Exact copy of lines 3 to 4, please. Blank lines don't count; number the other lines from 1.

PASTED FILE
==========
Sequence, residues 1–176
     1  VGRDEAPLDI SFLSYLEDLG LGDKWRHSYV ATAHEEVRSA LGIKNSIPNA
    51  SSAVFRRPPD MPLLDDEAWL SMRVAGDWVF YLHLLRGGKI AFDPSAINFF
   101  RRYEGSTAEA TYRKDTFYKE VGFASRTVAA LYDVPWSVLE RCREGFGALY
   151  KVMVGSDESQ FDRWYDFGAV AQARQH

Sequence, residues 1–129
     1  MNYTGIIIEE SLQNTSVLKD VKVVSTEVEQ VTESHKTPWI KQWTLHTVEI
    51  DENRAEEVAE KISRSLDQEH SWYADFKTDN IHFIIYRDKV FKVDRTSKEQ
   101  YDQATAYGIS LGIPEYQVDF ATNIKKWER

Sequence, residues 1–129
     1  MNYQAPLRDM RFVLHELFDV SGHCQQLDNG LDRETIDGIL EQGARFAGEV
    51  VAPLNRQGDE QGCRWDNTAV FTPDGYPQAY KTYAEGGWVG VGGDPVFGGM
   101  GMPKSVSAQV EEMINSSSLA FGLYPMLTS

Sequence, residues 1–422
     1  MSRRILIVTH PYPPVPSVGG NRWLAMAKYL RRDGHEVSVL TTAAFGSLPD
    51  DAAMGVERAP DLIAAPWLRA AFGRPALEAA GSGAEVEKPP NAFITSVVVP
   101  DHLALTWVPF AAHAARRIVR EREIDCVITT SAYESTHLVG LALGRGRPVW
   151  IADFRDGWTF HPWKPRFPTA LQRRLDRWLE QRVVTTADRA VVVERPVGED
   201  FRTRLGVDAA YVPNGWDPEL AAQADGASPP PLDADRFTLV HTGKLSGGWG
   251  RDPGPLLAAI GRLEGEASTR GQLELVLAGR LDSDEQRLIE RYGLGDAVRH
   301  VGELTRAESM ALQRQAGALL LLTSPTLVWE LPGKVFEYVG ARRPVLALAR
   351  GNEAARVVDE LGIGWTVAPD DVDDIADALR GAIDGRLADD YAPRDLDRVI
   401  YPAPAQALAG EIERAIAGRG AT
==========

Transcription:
    51  SSAVFRRPPD MPLLDDEAWL SMRVAGDWVF YLHLLRGGKI AFDPSAINFF
   101  RRYEGSTAEA TYRKDTFYKE VGFASRTVAA LYDVPWSVLE RCREGFGALY